Oh! No no! moc doesn't generate broken code. I was obviously unclear (that sentance above was supposed to be edited, but I hit Ok accidentally) and I apologize. The problem is it generates a lot of code, and it does so in nearly every Qt file. If you have an error in your code, the generated code can really confuse matters. Also, if you end up with a heap corrupution, a lot of times it segfaults in the generated code. This is not the generated code's fault, it's my error, but it does create debugging problems. It's a weakeness of all code generation systems.

But setting it up? A pain. Now, if you don't unit test your code, you can get away with qmake, no problem. But if you want to have a nice make test/check target, you're SOL, and have to go to either rolling your own or using a Qt-aware build tool, such as automake with Qt macros added in. Or, of course, you can use a controlling makefile. But this solution isn't entirely cross platform and can be confusing to people new on a project.

I find the lack of a flexiblity in their make tool particularly annoying. I've read every bit of documentation Qt3.3 has on the subject, I've asked other developers and put forth questions on mailing lists. No one seems to even think about qmake and unit tests. If they removed the need to moc source files, they'd open up the build process to more tools and make it easier to integrate into an existing project.

Re:Qt4 and extra compile phase? (1)

arkanes (521690) | more than 8 years ago | (#12824901)

Qt is very heavily invested in the "enhanced C++" provided by the usage of MOC (for example, the new foreach keyword they add in Qt4), so I don't think it's going away any time soon. You can certainly replicate the functionality that Qt provides via the MOC using sufficently sophisticated macros & templates but Trolltech has decided to embrace the enhanced syntatic sugar at the expense of technical correctness or standards compliance (people argue that Qt code is 'standard' C++ code, but they're being pedantic. Qt requires MOC to be run, plain & simple, and is therefore a meta-language on top of C++, not C++ itself). Personally, I don't like the solution (I'm a former Qt user who switched to wxWidgets), but there's plenty of people who don't mind.

Re:Qt4 and extra compile phase? (1)

Paradox (13555) | more than 8 years ago | (#12824958)

This is what I wanted to know, thank you.

I agree with you, I wish they would find a better way. Or, they could at least be honest and admit they're crafting a new C++ compatible language.

Re:Qt4 and extra compile phase? (1)

TomorrowPlusX (571956) | more than 8 years ago | (#12824857)

I tend to agree, but the issue here is: Will the elegant solution work on a million random compilers, like those made by SUN, or Intel's C++ compiler, or HPUX's compiler, and so on.

Sure, some of the clever and typesafe and modern signal-slot implementations work on GCC 3 and up, and on whatever MS has these days. But that's not the entire world of c++ compilers.

GCC2.95 and up should be okay (1)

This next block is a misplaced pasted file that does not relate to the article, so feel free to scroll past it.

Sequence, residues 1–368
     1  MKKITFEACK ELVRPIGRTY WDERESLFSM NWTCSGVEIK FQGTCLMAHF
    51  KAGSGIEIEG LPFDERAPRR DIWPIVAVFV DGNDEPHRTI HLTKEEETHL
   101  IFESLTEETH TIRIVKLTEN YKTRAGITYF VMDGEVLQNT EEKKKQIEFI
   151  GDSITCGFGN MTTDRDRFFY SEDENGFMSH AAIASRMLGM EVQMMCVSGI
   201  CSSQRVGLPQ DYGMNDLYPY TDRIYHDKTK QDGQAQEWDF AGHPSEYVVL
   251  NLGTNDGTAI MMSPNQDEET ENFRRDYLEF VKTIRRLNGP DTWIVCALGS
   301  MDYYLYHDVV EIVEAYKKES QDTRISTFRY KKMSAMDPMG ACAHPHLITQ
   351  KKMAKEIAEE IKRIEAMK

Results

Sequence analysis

Paradox (13555) | more than 8 years ago | (#12825003)

I know backwards compatability is a good thing, but at some point we need to get off the bus and say, "Standard is standard. If you break on this code, it's your problem."

It's not like we haven't had years to update these sorts of things. With TR1 incorporating some Boost features into the standard, and TR1 being the future of C++ in many eyes, it's time to stop coddling.

Since Qt is primarily a Linux, MacOSX and Windows phenomenon, I seriously doubt that TrollTech would lose sales from such a move.

Re:GCC2.95 and up should be okay (1)

TomorrowPlusX (571956) | more than 8 years ago | (#12826366)

Actually, I agree with you 100% -- I was just saying why I believe Qt still relies on the MOC.

Now, one thing I can't help but wonder -- since I haven't done any Qt programming in 2 years ( moved to Cocoa/OSX, never looked back ) -- is wether the moc is doing things that simply aren't available in a standards based manner. For example, I recall writing a test app that enumerated the signals and slots on an anonymous QObject. I don't think you can do that at *all* with plain old ( even modern ) C++.

But, I could be wrong, I haven't kept up to date with Boost, since most of my work is AI and game programming, where I don't have the luxury to use most of the really hairy modern stuff.

Re:Qt4 and extra compile phase? (1, Interesting)

Anonymous Coward | more than 8 years ago | (#12825018)

are they going to find a more elegant and in-language way to handle signals and slots

Doubtful, and definitely not for 4.0. C++ just isn't equipped to deal with this model of programming, you end up with massive amounts of inheritance or similar messes. "More elegant" and "in-language way" are at odds with each other for C++ GUI development. Trolltech can't get around that short of taking their modifications to C++ to ISO and getting them approved as proper C++.

I'm happy that Qt4 will finish opening up as a GPL'd library (that removes one of my biggest complaints about Qt)